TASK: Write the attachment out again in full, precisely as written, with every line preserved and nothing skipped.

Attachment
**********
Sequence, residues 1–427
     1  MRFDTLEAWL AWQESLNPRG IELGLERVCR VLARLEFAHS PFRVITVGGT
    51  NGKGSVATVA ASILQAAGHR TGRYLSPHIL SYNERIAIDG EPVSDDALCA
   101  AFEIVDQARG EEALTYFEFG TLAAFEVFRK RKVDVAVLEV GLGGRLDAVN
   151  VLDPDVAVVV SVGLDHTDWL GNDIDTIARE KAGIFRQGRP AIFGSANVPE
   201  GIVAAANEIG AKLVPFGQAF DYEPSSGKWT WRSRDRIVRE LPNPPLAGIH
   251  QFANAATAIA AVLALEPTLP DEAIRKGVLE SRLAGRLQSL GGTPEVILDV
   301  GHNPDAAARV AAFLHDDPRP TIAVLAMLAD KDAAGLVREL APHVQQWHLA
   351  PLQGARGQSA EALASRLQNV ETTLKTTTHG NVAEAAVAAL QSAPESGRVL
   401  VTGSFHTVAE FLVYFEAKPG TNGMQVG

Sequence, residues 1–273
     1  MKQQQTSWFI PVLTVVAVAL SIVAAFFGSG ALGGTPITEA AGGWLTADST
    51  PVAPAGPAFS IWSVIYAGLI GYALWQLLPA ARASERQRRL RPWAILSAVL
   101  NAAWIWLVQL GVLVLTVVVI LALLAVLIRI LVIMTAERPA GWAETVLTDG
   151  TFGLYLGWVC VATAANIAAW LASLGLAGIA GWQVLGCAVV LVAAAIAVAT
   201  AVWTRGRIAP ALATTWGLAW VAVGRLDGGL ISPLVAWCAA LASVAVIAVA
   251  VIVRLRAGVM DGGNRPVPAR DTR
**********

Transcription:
Sequence, residues 1–427
     1  MRFDTLEAWL AWQESLNPRG IELGLERVCR VLARLEFAHS PFRVITVGGT
    51  NGKGSVATVA ASILQAAGHR TGRYLSPHIL SYNERIAIDG EPVSDDALCA
   101  AFEIVDQARG EEALTYFEFG TLAAFEVFRK RKVDVAVLEV GLGGRLDAVN
   151  VLDPDVAVVV SVGLDHTDWL GNDIDTIARE KAGIFRQGRP AIFGSANVPE
   201  GIVAAANEIG AKLVPFGQAF DYEPSSGKWT WRSRDRIVRE LPNPPLAGIH
   251  QFANAATAIA AVLALEPTLP DEAIRKGVLE SRLAGRLQSL GGTPEVILDV
   301  GHNPDAAARV AAFLHDDPRP TIAVLAMLAD KDAAGLVREL APHVQQWHLA
   351  PLQGARGQSA EALASRLQNV ETTLKTTTHG NVAEAAVAAL QSAPESGRVL
   401  VTGSFHTVAE FLVYFEAKPG TNGMQVG

Sequence, residues 1–273
     1  MKQQQTSWFI PVLTVVAVAL SIVAAFFGSG ALGGTPITEA AGGWLTADST
    51  PVAPAGPAFS IWSVIYAGLI GYALWQLLPA ARASERQRRL RPWAILSAVL
   101  NAAWIWLVQL GVLVLTVVVI LALLAVLIRI LVIMTAERPA GWAETVLTDG
   151  TFGLYLGWVC VATAANIAAW LASLGLAGIA GWQVLGCAVV LVAAAIAVAT
   201  AVWTRGRIAP ALATTWGLAW VAVGRLDGGL ISPLVAWCAA LASVAVIAVA
   251  VIVRLRAGVM DGGNRPVPAR DTR